by Christian Wormwell
iNaturalist is a community science website with over 300,000 active users worldwide. It functions like a social media site for nature lovers, where people share their photos or audio of living organisms from any domain or kingdom of life through submissions called “observations”. Users work together to help each other identify the species depicted. As well, artificial intelligence technology can help determine which organisms may be in the photo.
iNaturalist observations have real implications for science and their data is used worldwide. An unofficial list cultivated by users on the site’s forum keeps track of published scientific papers that incorporate iNaturalist data; the list has 42 entries from 2020 alone, in publication topics ranging from changes in morphology in leopard frogs in California, to a leaf beetle being found in Bulgaria for the first time.
Many of the papers listed are about range expansions for species, which is an area iNaturalist data excels in. It was an iNaturalist user who reported the first instance of the destructive zigzag elm sawfly in Canada, and the Government of Canada’s official website now has a fact sheet for the pest that includes a link to iNaturalist.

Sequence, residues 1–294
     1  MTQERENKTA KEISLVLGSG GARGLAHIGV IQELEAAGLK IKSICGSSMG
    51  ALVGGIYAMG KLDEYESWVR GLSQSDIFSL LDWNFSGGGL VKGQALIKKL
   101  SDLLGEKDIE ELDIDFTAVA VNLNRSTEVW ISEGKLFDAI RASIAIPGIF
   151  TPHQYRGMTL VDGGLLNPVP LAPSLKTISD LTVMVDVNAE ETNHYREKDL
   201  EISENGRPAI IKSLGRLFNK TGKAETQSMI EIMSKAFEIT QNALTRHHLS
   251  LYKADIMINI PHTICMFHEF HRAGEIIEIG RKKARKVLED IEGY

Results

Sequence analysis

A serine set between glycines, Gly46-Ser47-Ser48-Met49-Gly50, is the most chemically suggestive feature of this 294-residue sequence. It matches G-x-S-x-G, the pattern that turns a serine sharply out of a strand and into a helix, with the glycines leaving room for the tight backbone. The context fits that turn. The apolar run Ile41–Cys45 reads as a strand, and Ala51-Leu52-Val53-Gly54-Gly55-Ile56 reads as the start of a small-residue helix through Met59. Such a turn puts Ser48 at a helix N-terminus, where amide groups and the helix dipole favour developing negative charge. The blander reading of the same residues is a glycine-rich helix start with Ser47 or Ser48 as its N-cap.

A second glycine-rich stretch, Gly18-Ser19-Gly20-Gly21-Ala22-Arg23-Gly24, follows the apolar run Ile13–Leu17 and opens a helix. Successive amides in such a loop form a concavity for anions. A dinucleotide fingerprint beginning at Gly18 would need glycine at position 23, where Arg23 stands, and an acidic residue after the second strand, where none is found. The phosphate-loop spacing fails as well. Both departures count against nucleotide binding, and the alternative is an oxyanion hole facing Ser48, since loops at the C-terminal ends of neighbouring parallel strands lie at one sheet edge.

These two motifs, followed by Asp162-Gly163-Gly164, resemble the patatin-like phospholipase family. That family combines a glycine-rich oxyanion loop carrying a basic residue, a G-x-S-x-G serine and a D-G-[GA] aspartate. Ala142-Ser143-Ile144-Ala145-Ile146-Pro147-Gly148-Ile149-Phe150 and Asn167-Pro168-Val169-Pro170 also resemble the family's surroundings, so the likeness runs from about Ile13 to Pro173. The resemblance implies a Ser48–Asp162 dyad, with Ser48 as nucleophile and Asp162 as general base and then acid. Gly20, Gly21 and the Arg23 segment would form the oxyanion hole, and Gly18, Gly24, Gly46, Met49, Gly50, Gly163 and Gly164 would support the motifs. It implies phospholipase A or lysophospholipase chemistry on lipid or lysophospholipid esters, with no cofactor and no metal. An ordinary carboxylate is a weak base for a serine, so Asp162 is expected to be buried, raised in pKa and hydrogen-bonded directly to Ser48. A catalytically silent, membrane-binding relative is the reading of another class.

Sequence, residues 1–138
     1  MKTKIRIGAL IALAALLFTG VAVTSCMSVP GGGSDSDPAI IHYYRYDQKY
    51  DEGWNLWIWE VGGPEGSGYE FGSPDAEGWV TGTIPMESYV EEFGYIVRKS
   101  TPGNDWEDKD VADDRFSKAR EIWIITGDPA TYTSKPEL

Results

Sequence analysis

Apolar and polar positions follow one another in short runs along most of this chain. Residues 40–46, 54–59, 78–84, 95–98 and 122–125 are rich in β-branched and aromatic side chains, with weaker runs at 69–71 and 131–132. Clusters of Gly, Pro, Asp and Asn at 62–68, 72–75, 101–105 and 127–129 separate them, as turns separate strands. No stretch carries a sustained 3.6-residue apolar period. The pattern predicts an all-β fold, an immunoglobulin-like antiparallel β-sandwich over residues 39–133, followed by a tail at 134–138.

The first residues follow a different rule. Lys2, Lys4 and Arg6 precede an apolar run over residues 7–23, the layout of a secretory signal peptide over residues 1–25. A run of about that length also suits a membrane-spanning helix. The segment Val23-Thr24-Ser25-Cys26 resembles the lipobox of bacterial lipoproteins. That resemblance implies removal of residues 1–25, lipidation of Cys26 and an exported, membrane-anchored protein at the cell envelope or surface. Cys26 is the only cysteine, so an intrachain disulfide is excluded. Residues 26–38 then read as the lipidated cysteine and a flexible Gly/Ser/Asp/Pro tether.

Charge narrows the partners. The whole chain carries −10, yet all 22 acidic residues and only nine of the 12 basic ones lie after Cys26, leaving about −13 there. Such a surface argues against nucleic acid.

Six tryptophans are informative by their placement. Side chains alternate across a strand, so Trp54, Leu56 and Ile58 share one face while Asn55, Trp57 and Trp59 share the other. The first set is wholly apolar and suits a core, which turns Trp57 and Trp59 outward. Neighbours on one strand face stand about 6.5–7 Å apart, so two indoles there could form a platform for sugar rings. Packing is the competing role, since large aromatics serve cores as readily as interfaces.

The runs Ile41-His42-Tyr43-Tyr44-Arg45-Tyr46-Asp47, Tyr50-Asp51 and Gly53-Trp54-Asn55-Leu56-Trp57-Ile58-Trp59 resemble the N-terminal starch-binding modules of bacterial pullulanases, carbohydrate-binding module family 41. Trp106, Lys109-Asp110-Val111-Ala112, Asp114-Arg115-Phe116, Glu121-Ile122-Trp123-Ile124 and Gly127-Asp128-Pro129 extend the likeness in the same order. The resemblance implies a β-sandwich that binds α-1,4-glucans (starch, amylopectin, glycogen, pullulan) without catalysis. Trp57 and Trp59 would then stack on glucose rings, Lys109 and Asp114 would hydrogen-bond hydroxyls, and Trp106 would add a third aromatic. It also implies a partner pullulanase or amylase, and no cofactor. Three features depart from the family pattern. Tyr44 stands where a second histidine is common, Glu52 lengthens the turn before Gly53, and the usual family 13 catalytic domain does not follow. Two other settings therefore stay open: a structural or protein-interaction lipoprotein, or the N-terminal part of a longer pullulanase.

iNaturalist is certainly a great place for community scientists. For example, Ontario's Natural History Information Centre (NHIC) runs an iNaturalist project that keeps track of sightings of threatened species across the province, and the Ontario’s Government website contains articles encouraging people to submit sightings of threatened species.
Checking my iNaturalist statistics, I can see that I have recorded nearly 40 species tracked by the NHIC that are considered threatened or otherwise vulnerable in Ontario; some were even in my suburban backyard. I would not have known of their identity or conservation status was it not for iNaturalist!
All one needs to do to get started is create a free iNaturalist account and start uploading photos or audio. The mobile App allows users to photograph species and submit observations right from the field. No expertise is needed – if all one can determine is ‘this is a bird’, the global community including experts in any domain of life, can help identify the species.
Every time I go for a hike, my phone is in my hand – some might like to distance themselves from technology on their hikes, but iNaturalist has become a fundamental part of my trips due to the fun and knowledge I have gained out of it since that fateful day in the Glen. Contributing to science, whether great or slight, makes using iNaturalist a powerful, rewarding incentive and experience.
Blogs are written by ELB members who want to share their stories about Ontario's biodiversity.